Let’s say you get a gig and buy Photoshop with the way it has always been until now. You add the price of your budget and boom you’ve got Photoshop now for eternity because like it or not Photoshop CS3 is still pretty damn awesome on it’s own. Now you can make money with that version (that you legally paid for) and produce more money for yourself because you own it outright free and clear. You can also work on other things in between jobs.

      I personally use Flash CS3 a lot which I bought when I had a high paying gig years ago along with the entire Creative Suite. I’ve made my money back many times with it getting new jobs over and over. But those jobs were never STEADY and there were many many dry times where months would go by where there was not a gig coming in. Did that mean I stopped being an artist? Stopped animating? Stopped creating? No. Of course not, but with Creative Cloud I would have had to pay monthly for that privilege to use the software each month.

      With the Creative Cloud way, everything changes. In the new scenario, you buy the Cloud, pay for it for the length of the gig and then when you don’t have money to continue the payments, you lose it. Flat out. Gone. All the stuff you’ve done is useless to you unless you pay the extortion fee to use it again. Because that’s really what it is; extortion.

      Using the scenario above about the car, yes at least at the end of the lease you can pay off the rest of the cost of the car. If you’ve got to go this way fine then at the end of the lease you have the option to pay off what’s left of what Photoshop or Flash would cost and it ends there. We should be able to end with something. Even with cellphones, you pay a monthly fee for service and get a phone at a subsidized price. At the end of the contract, you OWN the phone. You’re not forced to give it back. You own it because you paid it off. Please Adobe don’t stab the creative people with your creative dagger. We don’t make money hand over fist like you do. Give us the option to KEEP the software.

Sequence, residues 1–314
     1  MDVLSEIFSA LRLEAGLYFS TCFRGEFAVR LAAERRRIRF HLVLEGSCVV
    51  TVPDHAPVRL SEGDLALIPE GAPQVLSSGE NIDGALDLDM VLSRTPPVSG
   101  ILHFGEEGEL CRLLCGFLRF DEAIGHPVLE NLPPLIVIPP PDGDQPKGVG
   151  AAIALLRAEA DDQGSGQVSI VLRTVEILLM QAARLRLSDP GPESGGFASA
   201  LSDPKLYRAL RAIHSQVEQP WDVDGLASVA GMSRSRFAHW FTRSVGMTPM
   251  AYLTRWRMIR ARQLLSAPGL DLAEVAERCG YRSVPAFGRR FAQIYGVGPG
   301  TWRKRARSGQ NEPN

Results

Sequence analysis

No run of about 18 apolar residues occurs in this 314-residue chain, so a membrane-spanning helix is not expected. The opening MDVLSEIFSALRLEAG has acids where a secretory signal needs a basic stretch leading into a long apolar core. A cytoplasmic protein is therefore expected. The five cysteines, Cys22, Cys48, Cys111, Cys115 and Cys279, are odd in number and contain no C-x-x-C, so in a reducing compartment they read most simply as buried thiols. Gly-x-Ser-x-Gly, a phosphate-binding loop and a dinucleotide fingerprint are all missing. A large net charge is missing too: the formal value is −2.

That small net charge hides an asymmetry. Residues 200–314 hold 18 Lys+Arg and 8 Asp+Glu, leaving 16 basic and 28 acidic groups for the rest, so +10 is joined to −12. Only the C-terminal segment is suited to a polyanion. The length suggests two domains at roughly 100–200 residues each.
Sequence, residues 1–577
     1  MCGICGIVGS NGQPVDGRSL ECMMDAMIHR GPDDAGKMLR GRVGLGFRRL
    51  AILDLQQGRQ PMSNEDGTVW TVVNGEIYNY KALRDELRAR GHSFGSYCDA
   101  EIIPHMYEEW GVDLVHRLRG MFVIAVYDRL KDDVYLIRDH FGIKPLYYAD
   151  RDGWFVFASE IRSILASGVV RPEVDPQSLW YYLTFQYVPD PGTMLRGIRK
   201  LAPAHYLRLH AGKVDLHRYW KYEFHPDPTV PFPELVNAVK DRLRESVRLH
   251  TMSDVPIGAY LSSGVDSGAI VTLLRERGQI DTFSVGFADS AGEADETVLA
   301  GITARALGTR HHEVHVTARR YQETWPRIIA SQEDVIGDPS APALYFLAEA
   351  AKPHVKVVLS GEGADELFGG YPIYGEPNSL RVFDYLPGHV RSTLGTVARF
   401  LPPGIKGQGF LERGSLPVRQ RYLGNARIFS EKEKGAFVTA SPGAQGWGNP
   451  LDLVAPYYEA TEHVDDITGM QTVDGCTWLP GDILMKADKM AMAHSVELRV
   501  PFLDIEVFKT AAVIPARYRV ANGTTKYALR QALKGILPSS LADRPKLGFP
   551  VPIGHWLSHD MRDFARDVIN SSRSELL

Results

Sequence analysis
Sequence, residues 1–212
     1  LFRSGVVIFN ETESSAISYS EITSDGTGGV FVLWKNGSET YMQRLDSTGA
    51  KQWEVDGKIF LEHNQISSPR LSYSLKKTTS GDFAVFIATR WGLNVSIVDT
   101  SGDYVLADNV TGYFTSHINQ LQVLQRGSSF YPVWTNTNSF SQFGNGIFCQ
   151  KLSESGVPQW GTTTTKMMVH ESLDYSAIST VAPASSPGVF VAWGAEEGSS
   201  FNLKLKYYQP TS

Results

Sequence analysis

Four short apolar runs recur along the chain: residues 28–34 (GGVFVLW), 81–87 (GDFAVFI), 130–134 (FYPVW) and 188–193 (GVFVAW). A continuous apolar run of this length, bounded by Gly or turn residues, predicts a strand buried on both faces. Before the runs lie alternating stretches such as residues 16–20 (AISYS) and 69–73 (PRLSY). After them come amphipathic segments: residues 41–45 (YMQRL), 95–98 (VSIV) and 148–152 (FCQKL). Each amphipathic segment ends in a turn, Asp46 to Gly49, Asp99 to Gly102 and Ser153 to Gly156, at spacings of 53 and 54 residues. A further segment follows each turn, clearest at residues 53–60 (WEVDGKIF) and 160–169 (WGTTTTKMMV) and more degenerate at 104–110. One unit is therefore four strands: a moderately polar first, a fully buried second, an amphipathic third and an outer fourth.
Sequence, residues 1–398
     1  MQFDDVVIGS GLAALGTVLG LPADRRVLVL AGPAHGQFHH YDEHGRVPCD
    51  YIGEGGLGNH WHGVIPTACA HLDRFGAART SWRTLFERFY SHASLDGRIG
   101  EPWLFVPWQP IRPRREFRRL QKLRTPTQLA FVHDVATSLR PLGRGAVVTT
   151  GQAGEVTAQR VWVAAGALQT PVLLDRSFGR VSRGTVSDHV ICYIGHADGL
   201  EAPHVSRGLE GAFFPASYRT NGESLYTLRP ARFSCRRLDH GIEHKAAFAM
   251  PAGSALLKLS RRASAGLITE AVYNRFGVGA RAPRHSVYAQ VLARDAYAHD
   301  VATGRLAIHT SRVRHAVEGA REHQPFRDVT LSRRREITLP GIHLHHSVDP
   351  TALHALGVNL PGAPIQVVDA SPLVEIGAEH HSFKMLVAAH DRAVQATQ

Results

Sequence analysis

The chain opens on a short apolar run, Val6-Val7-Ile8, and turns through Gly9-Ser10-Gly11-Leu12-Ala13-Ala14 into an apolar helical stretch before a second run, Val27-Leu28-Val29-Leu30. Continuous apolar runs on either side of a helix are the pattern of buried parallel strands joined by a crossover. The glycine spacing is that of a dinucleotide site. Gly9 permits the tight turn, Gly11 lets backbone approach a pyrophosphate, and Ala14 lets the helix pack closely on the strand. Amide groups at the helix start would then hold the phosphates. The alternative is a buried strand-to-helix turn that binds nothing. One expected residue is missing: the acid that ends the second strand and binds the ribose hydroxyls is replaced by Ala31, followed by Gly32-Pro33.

• Not to mention there is no incentive for Adobe to come up with useful new features any more. Their software is so mature, any new features are likely to be of interest only to a few users and not justify the upgrade price. Now you have to “upgrade” just to use the same features as before. That’s what it amounts to.

        Also, check out Manga Studio 5. $50, Mac and PC, and supposed to have excellent tools.

  6. Thanks Zak, I’ll adjust it. I’m not worried about Adobe’s Cloud thing… hackers will set it all straight in time. the fact that they say you can use it offline tells me that they will just block the app’s ability to check in to the server to verify it’s official. The current CS6 suite does that now in fact.

  7. How inconvenient is the monthly subscription vs outright paying for the whole Master Collection?

    Amazon currently has CS6 MC on sale for 2,089.99 (for Mac) At 50.00 a month, it would take 42 months (3.5 years) to have paid that same amount. At the end of that 3.5 years, you have a whole software bundle that would be out of date by possibly 2 versions, yet the subscription user will have continued use with the most current versions. As a freelance artist, I found it’s a much more cost effective solution to pay the 50.00 a month subscription than it is to fork over 2,089.99 at once. What am I missing that makes the subscription a negative situation? I was almost doing cartwheels when I was introduced to the subscription.

    Is the real complaint that these starving artists are no longer going to have access to current pirated Adobe products?

  8. I’m a huge proponent of Sketchbook Pro. Though PhotoShop is the industry-standard for paster/bitmap based projects, I find that SBP IS easy to use and cuts to the chase when I want to flesh out character designs.

    I don’t mean to sound bias or to hop aboard any “bandwagons” but….the program is smooth as butter.

    • Completely agree! I love Sketchbook Pro. It’s so easy to use. I wish they would make a timeline so I could do boards with it better. Have you tried the new Storyboard Pro? It’s pretty cool and now has a similar brush tool reminiscent of Sketchbook’s!

  9. TvPaint is an animation program a it’s core. Yes it has some amazing brushes and pencils. But at the hearts of it there is an amazing traditional animation program. The interface may sometimes be a little wonky but it’s customizable.

  10. Hello. I was wondering from this list what software you think would be the most affordable but easiest to learn on for ages 10-18. I have children that draw anime and manga and they want to learn how to use their tablet (I just bought them a Bamboo) and to color it with the software. Which ones do you recommend? We tried Photoshop but it was very confusing for a child 11 to learn. Any thoughts on what would be good and cost effective that he could understand with a little training? Just curious as to your thoughts.

  11. Che estupido y coreldraw????